Definition 3.2. For $1\le i\le n$ we set $fi=fsi= si-kxai. (3.8)$ For $w\in W$ with a reduced decomposition $w={s}_{{i}_{n}}\cdots {s}_{{i}_{1}},$ ${f}_{w}={f}_{{i}_{n}}\cdots {f}_{{i}_{1}}\text{.}$ We call the elements ${f}_{w}$ intertwiners.

The elements ${f}_{w}$ belong to the localization of the degenerate affine Hecke algebra ${ℋ}_{\mathrm{\Sigma }}^{\prime }$ by the $W\text{-invariant}$ polynomials. They give a certain 'baxterization' of $w,$ and are closely related to the Yang's $R\text{-matrix.}$ Let us show that ${f}_{w}$ does not depend on the choice of the reduced decomposition of $w\text{.}$

We have $fsixb= xsi(b) fsi, (3.9) fwxb= xw(b) fw. (3.10)$ Indeed, $(si-kxαi) xb=xsi(b) (si-kxαi), (3.11)$ which can be rewritten as follows: $sixb- xsi(b) si=-k xsi(b)-xbxαi. (3.12)$ Using the definition of ${x}_{b}$ (2.36), the right hand side of (3.12) is $k\left(b,{\alpha }_{i}\right)\text{.}$ So we come to (2.37). The relations (3.10) fix ${f}_{w}$ uniquely up to the multiplication on the right by functions in $x\text{.}$ The leading terms of ${f}_{w}$ being $w,$ they coincide for any reduced decompositions.

To demonstrate the role of intertwiners, let us check the irreducibility of ${I}_{\lambda }$ for generic $\lambda \text{.}$ First note that the vectors $\left\{{f}_{w}\left(e\right)\in {I}_{\lambda }\right\}$ are common eigenvectors of ${x}_{b},$ because $xbfw(e)= fwxw-1(b) (e)=λw-1(b) fw(e),$ For a generic $\lambda$ the eigenvalues are simple, hence these vectors are linearly independent. Now, any nonzero ${ℋ}_{\mathrm{\Sigma }}^{\prime }\text{-submodule}$ $A$ of ${I}_{\lambda }$ contains at least one eigenvector of ${x}_{b}\text{.}$ By the simplicity of eigenvalues, such an eigenvector must be in the form ${f}_{w}\left(e\right)$ for some $w\in W\text{.}$ On the other hand ${f}_{w}$ are invertible elements. Indeed, $fi-1= (1-k2xαi2)-1 fi.$ Therefore $e\in A\text{.}$ Since ${I}_{\lambda }$ is generated by $e,$ we conclude that $A={I}_{\lambda }\text{.}$

Actually this very reasoning leads to the proof of the Theorem (a),(b). However if $\lambda$ is arbitrary one must operate with the intertwiners much more carefully. It is necessary to multiply them by the denominators and remember that the invertibility does not hold for special $\lambda \text{.}$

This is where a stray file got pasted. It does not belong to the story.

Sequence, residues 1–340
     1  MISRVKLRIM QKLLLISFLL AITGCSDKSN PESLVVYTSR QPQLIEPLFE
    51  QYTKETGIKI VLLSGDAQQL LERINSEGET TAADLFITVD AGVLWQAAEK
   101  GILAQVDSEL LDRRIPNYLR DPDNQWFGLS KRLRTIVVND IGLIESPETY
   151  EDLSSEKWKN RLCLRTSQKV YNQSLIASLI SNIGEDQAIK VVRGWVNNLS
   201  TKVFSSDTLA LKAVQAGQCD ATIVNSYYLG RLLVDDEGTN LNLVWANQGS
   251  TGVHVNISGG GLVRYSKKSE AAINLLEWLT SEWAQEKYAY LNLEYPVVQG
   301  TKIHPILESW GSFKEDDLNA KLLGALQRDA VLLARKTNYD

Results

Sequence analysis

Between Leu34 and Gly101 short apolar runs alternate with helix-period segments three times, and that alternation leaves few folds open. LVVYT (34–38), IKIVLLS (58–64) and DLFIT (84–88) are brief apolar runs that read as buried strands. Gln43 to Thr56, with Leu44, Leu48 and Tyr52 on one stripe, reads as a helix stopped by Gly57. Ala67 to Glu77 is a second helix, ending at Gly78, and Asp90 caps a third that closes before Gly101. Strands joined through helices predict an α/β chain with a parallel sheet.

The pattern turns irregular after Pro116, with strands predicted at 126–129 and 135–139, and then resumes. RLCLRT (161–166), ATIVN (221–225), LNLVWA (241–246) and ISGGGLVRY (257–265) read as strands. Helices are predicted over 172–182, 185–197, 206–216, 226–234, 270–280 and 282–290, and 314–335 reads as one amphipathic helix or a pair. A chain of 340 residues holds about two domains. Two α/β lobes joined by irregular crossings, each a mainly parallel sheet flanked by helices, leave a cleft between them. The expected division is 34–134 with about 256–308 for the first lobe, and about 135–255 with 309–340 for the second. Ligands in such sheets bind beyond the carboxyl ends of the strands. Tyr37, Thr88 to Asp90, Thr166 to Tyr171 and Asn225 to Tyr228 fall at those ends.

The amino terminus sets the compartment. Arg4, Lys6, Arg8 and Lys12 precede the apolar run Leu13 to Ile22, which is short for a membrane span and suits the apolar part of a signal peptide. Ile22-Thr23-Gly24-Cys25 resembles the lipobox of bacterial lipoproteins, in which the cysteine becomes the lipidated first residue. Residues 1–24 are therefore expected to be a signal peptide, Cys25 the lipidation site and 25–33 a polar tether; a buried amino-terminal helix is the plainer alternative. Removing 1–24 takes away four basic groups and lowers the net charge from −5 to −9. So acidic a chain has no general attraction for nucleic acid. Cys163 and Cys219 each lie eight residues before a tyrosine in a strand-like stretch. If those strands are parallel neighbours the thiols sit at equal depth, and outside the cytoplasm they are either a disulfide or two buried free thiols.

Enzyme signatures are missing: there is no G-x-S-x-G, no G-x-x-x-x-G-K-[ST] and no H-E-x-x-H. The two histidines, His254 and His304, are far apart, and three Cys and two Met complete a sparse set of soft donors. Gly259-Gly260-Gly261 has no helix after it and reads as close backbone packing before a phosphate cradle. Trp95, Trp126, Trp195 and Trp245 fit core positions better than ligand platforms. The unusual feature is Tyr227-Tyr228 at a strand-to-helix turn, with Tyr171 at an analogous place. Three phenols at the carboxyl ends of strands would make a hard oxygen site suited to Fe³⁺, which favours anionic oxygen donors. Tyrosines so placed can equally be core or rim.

Remark 3.1. The $ℋ\prime \text{-quotients}$ $A$ of ${J}_{\lambda }^{\circ }$ will be interpreted below as certain quotients of the $D\text{-module}$ representing the quantum many-body eigenvalue problem. A solution of the AKZ in ${J}_{\lambda }^{\circ }$ induces solutions in any of its $ℋ\prime \text{-quotients}$ (if $I$ is reducible). It gives a one-to-one correspondence between the $ℋ\prime \text{-submodules}$ (quotients, constituents) of $J$ and those of the $D\text{-modules}$ representing the quantum many-body eigenvalue problem. The description of the latter is an analytical problem. The classification of the former is a difficult question in the representation theory of Hecke algebras. For instance, the multiplicities of the irreducible constituents are described in terms of the Kazhdan-Lusztig polynomials. It is very interesting to combine the two approaches together.

### The monodromy of the AKZ equation

In this section we discuss the monodromy of the AKZ equation, which is a key ingredient in establishing the isomorphism between the AKZ equation in the representation ${J}_{\lambda }^{\circ }$ and the quantum many-body problem (QMBP) with the eigenvalue $\lambda \text{.}$

Let $U\prime$ be the open subset of ${ℂ}^{n}$ given by $U′= { u∈ℂn | ∏α∈Σ+ (euα-1) ≠0 } . (3.13)$ The lattice generated by ${b}_{1},\dots ,{b}_{n}$ will be denoted by $B\text{.}$ It is isomorphic to ${ℤ}^{n}$ and acts on ${ℂ}^{n}$ by translations. Namely, $b\left(u\right)=u+2\pi \sqrt{-1}b,$ where $b\in B\text{.}$ The semi-direct product $\stackrel{\sim }{W}=W⋉B$ is the so-called extended affine Weyl group, acting on ${ℂ}^{n}$ and leaving $U\prime$ invariant. Picking ${u}^{0}\in U\prime ,$ we set $π1=π1 (U′/W∼,u0).$ The group structure of ${\pi }_{1}$ is described as follows. Given an element $w\in \stackrel{\sim }{W},$ let ${\gamma }_{w}$ be a path from ${u}^{0}$ to ${w}^{-1}\left({u}^{0}\right)$ in $U\prime \text{.}$ For elements ${w}_{1},{w}_{2}\in \stackrel{\sim }{W},$ we define the composition ${\gamma }_{{w}_{2}}\circ {\gamma }_{{w}_{1}}$ of ${\gamma }_{{w}_{1}}$ and ${\gamma }_{{w}_{2}}$ as the path composed of ${\gamma }_{{w}_{1}}$ and the path ${\gamma }_{{w}_{2}}$ mapped by ${w}_{1}^{-1}$ (see Fig.5). The class of $\gamma$ will be denoted by $\stackrel{‾}{\gamma }\text{.}$ The map ${\stackrel{‾}{\gamma }}_{w}\to w$ is a homomorphism onto $\stackrel{\sim }{W}\text{.}$